John, Ruby and I headed for Fitsum Summit to escape the 4th of July crowds which have invaded McCall. It wasn’t long before we left all the people behind and had our own private Idaho! See John’s trip report here.
After about 3 hours and 7 miles, we set up camp and prepared for our assault of Mount Horrendous. John prepared a delicious dinner of sausage and red beans and rice….. John may be one of the most experienced back country hikers living in the Northwest but I really question his meal selection given we were sharing the same tent.
The following morning, we packed up camp and started moving up the mountain. It wasn’t long before we left the trail and headed up the ridge to our high camp. Here is one of our first views of Mount Horrendous (off in the distance left) and The Spear (just over Ruby’s head). If you look carefully at the summit of The Spear, you can see its namesake.
We crested the high saddle and looked down on our home for the next evening. That is The Spear, just under the sun. Our camp ended up on a bare spot in the trees center image.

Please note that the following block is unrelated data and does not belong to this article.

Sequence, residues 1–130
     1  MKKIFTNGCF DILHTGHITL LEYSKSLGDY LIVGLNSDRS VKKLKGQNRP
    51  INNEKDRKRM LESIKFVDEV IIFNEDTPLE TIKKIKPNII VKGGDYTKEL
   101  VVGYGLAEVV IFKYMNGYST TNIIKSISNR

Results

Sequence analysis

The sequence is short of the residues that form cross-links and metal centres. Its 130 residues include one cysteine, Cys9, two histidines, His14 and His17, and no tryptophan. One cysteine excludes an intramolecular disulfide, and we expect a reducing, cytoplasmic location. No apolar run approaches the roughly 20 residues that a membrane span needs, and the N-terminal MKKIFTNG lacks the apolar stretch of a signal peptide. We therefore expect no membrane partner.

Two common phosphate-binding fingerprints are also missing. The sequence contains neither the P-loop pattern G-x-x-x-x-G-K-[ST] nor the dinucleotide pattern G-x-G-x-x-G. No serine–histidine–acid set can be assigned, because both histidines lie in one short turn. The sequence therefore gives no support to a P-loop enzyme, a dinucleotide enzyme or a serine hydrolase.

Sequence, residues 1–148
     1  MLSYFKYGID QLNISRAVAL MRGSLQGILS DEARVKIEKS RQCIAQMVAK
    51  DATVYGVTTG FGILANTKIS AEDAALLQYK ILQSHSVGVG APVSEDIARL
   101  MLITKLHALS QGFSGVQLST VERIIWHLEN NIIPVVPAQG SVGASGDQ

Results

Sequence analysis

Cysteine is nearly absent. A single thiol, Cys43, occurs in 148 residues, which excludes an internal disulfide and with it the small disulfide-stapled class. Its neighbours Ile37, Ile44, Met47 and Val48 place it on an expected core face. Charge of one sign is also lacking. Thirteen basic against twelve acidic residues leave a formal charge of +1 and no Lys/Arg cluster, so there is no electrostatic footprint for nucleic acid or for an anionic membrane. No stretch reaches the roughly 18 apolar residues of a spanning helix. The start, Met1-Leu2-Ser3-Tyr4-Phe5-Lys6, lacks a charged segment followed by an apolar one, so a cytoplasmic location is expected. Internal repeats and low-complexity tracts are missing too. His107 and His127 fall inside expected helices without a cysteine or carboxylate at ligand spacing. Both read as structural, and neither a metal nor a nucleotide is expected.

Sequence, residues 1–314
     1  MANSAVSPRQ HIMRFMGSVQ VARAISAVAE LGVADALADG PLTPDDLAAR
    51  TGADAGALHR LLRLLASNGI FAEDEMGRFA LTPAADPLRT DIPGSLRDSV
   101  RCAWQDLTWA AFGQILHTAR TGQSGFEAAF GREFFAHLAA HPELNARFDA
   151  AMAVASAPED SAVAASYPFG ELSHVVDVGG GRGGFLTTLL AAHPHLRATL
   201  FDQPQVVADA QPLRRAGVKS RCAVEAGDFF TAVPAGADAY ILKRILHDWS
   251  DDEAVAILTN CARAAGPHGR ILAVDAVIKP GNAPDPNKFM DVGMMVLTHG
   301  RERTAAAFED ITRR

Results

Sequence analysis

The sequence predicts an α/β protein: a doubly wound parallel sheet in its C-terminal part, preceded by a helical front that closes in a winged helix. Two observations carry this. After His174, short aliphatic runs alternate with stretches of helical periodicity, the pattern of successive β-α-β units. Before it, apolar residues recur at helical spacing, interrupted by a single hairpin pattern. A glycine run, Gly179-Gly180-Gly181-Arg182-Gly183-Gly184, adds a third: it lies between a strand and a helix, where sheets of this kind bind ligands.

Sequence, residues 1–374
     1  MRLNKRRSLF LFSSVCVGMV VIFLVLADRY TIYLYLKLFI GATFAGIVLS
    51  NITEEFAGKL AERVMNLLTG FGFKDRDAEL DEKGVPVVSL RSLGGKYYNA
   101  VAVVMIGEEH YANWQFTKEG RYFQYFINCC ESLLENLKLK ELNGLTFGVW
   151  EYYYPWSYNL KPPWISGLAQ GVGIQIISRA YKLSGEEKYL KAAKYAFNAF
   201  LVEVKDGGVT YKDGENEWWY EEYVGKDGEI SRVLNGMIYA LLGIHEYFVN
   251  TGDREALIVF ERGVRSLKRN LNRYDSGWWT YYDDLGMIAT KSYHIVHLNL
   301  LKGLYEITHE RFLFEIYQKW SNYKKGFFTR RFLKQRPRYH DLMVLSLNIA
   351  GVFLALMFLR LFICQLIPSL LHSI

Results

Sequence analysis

Here is a close up of The Spear and you can see why we gave it this name.
Headed down into our basin with our two mountain objectives in the background.
Don’t eat the red snow! Watermelon snow, also called snow algae, pink snow, red snow, or blood snow, is a phenomenon caused by Chlamydomonas nivalis, a species of green algae containing a secondary red carotenoid pigment (astaxanthin) in addition to chlorophyll…. Also advisable to not eat the yellow snow (not pictured here).
We searched the basin, found a suitable bare spot, pitched our tent (so we could find it on our return), and headed off to climb our mountains. As we left camp, John throws out something like: “We should be able to knock out The Spear in about 30 minutes. Notice The Spear coming more into view with the wide angle images, with Horrendous just off its left shoulder.
After searching for a plausible route up The Spear, we decided to circle around its base, climb Horrendous and hope for an easier route up The Spear on the back side. Spoiler alert, there is no easy route up to The Spear and the one we found took far more than 30 minutes! We turned the corner to find this talus field and the summit of Horrendous. Remember, this is a wide angle lens and many of the blocks in that talus field are the size of houses! Turns out, climbing Mount Horrendous is really hard!
Views of Nick Peak looking back from where we came.
John, carefully making his way to the actual summit. Right below and in front of him is Lake Thirty Three, a beautiful hanging lake far off in the distance.
A blow up of Lake Thirty Three.
Off to The Spear, here is a view of Horrendous, looking back on the decent.
And, more than 30 minutes later, here is John with his hand on The Spear!
Now back down to high camp. Total round trip for the two peaks from our high camp was more than 5 hours.
Y’all come back soon to see part 2 of this trip!